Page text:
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    3DS firmware was recently released. Here’s what you should know:

    • If your device is running Luma , it is % safe to update.
    • If your device is on an older Luma version, you should update Luma before you update your device to
    • No homebrew titles are known to have been affected by this update. They will work as they did on
    • If your device is currently stock on , you will have to update your 3DS to the latest firmware () in order to install custom firmware. The previous method that used the browser no longer works because Nintendo enforces a browser version check that cannot be bypassed on

    Q:I am on the latest system version. Is my device hackable without any external hardware?
    A: Yes! The latest firmware () has a free method for getting CFW named Seedminer.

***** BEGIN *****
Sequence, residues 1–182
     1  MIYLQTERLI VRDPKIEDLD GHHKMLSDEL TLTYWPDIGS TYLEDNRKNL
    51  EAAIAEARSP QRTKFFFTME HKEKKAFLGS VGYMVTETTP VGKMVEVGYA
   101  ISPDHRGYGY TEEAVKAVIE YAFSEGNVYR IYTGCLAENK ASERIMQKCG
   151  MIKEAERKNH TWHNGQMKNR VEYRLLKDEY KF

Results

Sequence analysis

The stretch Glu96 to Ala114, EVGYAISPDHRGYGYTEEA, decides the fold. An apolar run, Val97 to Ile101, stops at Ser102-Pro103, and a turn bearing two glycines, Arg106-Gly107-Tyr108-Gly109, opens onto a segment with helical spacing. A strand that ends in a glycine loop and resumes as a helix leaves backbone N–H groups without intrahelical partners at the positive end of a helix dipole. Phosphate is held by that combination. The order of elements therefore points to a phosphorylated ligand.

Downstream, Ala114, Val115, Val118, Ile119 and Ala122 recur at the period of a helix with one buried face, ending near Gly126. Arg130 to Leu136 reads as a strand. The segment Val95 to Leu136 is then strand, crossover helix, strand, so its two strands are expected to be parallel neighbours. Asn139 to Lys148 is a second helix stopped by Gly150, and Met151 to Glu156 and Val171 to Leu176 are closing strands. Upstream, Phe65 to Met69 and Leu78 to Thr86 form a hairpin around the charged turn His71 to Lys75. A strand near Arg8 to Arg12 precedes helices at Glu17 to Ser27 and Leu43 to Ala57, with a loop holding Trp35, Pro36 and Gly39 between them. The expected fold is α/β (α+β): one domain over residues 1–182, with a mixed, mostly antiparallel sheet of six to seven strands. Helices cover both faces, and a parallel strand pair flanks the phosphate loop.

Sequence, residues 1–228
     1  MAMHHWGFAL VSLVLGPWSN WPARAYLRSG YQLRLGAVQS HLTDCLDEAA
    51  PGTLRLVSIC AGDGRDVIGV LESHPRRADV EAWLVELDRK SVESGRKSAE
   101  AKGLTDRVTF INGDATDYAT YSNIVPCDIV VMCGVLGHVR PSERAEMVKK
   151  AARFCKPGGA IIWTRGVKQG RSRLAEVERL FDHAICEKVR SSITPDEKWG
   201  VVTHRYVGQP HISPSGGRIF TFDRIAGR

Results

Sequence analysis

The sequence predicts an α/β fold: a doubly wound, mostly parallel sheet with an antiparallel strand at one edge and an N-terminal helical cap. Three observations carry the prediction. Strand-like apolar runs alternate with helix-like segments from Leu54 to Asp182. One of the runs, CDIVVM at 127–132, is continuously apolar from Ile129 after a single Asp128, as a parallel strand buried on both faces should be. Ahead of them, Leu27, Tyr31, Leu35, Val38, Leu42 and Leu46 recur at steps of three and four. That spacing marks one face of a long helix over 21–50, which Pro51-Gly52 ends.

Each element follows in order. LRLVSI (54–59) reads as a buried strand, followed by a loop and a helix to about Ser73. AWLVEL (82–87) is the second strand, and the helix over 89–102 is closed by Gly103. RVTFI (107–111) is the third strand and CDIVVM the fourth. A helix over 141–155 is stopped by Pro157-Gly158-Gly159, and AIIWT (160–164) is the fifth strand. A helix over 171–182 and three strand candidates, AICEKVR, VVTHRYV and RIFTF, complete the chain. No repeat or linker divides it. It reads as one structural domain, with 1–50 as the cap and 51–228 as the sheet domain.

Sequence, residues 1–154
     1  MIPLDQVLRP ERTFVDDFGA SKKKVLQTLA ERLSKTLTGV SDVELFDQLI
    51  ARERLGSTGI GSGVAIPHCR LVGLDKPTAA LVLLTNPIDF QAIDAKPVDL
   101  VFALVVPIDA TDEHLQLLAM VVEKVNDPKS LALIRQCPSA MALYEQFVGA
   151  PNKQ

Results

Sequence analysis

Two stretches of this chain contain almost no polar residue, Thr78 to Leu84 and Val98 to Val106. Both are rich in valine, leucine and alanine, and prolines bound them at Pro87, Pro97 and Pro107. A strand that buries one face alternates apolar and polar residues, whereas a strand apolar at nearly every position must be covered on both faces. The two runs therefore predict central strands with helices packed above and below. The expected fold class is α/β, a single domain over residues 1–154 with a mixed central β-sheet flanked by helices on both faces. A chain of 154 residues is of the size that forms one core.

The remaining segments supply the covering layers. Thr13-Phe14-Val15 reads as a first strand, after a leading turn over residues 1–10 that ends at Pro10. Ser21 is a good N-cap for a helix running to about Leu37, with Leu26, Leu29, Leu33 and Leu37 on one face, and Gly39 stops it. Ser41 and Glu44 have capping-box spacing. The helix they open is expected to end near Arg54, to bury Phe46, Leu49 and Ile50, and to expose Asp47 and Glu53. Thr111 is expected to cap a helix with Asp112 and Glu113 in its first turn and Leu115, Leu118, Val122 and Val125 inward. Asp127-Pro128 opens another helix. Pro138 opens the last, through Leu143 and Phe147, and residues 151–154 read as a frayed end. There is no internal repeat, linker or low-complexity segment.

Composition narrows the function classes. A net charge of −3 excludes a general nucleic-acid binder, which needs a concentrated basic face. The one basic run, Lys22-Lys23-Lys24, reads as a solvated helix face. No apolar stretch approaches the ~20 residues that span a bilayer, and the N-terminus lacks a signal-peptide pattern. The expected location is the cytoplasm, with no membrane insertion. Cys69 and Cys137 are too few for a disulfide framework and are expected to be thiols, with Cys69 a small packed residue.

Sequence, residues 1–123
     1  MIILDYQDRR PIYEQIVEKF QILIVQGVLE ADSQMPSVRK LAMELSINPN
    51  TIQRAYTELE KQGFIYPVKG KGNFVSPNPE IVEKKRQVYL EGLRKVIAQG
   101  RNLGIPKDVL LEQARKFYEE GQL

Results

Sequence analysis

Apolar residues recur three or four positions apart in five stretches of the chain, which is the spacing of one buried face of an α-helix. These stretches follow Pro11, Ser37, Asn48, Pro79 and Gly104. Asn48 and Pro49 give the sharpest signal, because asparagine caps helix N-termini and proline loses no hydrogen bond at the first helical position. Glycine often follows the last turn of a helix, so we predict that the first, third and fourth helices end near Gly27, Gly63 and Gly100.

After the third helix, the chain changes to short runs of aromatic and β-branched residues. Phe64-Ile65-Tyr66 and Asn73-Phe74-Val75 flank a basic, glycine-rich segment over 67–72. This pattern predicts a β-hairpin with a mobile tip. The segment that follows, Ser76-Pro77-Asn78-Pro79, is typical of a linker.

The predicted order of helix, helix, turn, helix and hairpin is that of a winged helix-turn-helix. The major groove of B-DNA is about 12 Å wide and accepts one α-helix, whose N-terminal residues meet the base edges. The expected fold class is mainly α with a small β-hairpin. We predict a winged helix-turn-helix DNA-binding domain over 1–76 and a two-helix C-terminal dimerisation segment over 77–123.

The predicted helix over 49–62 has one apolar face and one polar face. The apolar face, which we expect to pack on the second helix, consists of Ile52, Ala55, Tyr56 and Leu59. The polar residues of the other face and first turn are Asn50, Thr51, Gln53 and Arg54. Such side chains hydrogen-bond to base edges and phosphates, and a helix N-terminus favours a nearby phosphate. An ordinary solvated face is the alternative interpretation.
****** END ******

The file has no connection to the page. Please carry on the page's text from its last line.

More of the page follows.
Q:What devices is this guide compatible with?
    A: The instructions are the same for all retail 3DS, 3DS XL, 2DS, New 3DS, New 3DS XL, and New 2DS XL devices. If your system version string displays as “”, then you may have a developer unit.

    Q:How risky is hacking my console?
    A: Bricks are now effectively impossible unless you are purposely trying to brick your device.

    Q:Can I run awesome homebrew and emulators with this?
    A: Yes! This guide will install a few useful homebrew applications, including Universal-Updater, which acts as a homebrew app store.

    Q:Can I use this to play games from other regions?
    A: Yes; Luma3DS will automatically ignore the region check for cartridges and installed titles. Some games may need to make use of Luma’s locale emulation feature in order to work properly on out-of-region devices.

    Q:Will I lose any features if I install CFW?